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The prime minister said negotiations to patriate the constitution have taken so long now "I can at least guarantee it won't catch you by surprise and you will have ample time to see any particular guarantees you want."
Trudeau was responding to a question by Sanderson who was seeking assurances the interests of treaty Indians would be protected if the British North America Act is patriated.
Sanderson was a member of a seven-person panel selected to question the prime minister at a public meeting here on the first day of his recent visit to Saskatchewan.
The other six members of the panel were representatives of agricultural organizations and asked questions solely about federal agricultural policy. But Sanderson was placed on the panel following private discussions members of the PSI executive held with prominent Saskatchewan Liberals the week before the prime minister's visit.
Trudeau told Sanderson he agrees with the principle of selective' special development agreements which the FSI wants to negotiate with the federal government.
One of the objectives of the agreements would be to improve the delivery of services to Indian communities.
In a half-hour private discussion with Trudeau, Sanderson asked the prime minister to attend the All Chiefs Conference, then underway in Saskatoon.
But Trudeau said his schedule would only permit him to meet with the chiefs for about five minutes, and he would prefer to meet with them at greater length in the future, preferably at a special occasion.
Sanderson told the chiefs' conference the prime minister has tentatively agreed to meet the chiefs this fall, probably at the official opening of the Saskatchewan Indian Federated College in Regina.
Trudeau announced he has designated Jim MacDonald, an executive assistant, "to hear in detail any points you (the FSI) want to make". Sanderson had asked the prime minister to assist in combatting red tape hindering Saskatchewan Indian objectives.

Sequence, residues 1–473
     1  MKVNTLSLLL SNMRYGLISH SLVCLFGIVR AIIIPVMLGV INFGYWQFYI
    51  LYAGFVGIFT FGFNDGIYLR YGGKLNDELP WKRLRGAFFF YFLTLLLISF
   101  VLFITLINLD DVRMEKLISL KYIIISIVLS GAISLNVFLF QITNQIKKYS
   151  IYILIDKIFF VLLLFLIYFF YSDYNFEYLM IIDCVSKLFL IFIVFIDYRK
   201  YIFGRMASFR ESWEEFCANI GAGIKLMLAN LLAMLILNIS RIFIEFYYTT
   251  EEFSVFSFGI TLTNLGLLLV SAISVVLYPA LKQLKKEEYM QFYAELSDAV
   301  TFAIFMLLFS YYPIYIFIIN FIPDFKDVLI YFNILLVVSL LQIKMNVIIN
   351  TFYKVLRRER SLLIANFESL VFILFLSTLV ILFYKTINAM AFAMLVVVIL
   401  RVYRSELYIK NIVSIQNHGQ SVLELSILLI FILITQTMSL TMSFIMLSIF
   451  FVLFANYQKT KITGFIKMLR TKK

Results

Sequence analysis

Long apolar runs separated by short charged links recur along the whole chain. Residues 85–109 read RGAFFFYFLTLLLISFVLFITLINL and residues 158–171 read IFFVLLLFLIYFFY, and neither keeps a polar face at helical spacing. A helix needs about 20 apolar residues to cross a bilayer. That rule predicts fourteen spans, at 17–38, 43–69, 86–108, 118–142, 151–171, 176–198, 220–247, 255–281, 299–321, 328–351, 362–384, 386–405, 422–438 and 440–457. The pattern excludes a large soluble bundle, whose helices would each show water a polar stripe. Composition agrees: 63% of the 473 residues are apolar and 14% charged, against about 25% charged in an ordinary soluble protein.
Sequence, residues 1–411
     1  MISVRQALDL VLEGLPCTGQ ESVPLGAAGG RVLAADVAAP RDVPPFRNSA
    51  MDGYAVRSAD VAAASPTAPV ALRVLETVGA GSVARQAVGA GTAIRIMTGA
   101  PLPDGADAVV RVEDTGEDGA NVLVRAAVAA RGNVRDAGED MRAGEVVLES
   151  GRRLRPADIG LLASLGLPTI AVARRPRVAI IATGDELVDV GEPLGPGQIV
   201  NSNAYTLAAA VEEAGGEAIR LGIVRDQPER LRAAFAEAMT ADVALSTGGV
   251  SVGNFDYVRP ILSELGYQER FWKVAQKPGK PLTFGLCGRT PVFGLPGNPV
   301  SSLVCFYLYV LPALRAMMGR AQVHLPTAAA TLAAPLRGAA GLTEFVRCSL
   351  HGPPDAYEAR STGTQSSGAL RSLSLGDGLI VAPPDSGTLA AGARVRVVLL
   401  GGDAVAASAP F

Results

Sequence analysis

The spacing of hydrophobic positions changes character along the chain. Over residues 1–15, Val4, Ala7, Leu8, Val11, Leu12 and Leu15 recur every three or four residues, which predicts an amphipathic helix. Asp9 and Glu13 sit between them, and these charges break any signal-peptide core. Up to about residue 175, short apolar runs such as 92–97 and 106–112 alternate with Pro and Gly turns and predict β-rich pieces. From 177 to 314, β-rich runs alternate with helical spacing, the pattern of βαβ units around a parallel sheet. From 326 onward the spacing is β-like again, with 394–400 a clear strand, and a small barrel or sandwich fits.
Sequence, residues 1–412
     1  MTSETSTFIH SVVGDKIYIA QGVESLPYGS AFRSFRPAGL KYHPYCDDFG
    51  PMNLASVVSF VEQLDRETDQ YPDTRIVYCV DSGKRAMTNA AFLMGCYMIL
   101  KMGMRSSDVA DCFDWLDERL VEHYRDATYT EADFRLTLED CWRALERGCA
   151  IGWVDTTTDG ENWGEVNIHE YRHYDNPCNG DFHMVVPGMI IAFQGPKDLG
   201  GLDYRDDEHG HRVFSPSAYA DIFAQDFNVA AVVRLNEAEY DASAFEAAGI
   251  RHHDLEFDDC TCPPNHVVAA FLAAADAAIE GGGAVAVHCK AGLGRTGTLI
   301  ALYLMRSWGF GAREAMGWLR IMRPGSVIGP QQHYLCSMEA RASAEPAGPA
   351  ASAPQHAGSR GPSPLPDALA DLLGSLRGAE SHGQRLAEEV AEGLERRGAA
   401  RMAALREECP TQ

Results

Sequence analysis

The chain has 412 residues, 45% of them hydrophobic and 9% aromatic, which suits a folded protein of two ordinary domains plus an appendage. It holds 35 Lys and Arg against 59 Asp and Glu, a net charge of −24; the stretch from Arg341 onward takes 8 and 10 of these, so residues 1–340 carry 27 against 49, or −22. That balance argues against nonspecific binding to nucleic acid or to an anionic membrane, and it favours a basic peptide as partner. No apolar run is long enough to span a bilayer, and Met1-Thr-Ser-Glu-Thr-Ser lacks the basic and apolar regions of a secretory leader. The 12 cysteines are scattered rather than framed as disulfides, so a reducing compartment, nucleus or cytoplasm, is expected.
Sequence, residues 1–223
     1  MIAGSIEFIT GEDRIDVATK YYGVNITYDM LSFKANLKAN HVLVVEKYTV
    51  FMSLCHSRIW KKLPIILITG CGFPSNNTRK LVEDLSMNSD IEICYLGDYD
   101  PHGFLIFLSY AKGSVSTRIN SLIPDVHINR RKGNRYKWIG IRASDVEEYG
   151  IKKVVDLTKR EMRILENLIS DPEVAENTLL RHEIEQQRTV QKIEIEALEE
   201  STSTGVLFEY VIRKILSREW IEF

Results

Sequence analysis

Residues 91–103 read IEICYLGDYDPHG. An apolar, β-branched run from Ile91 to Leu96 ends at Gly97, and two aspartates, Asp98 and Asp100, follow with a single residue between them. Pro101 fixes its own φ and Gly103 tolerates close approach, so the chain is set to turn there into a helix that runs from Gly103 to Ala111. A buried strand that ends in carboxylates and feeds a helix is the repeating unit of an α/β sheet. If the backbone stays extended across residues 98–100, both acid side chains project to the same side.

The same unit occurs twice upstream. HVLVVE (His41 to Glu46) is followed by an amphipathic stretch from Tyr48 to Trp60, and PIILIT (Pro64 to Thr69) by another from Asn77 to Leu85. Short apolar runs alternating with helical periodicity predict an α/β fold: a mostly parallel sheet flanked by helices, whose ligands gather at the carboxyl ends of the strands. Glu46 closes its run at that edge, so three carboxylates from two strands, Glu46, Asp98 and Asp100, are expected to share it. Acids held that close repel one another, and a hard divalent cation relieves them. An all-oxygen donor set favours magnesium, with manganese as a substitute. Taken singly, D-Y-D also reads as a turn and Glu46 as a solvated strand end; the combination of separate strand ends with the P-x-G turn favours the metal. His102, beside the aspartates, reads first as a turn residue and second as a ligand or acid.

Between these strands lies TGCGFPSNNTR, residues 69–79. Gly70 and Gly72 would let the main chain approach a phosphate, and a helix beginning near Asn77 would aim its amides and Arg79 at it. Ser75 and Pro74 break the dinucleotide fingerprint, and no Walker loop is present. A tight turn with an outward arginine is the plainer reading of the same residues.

He said he told Trudeau Saskatchewan Indians have never taken "direct, radical action against any major development" undertaken by the Canadian government, but civil servants are constantly sabotaging Indian plans.
Trudeau was also told "he along with the general public are going to have to get used to the idea of
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According to Sanderson, the prime minister expressed interest in the concept and was eager to hear more about it.
The concept of Indian government now being developed by PSI staff and later to be discussed by a newly formed PSI commission on Indian government, embodies the idea of Indian sovereignty within Confederation.
The FSI vice-president said Trudeau expressed a serious interest in reform of the Indian Act.
Sanderson said he discussed with the prime minister the possibility of an act of Parliament which would recognize treaty rights, lands and Indian government and would enable Indians to control the activities of the department of Indian affairs.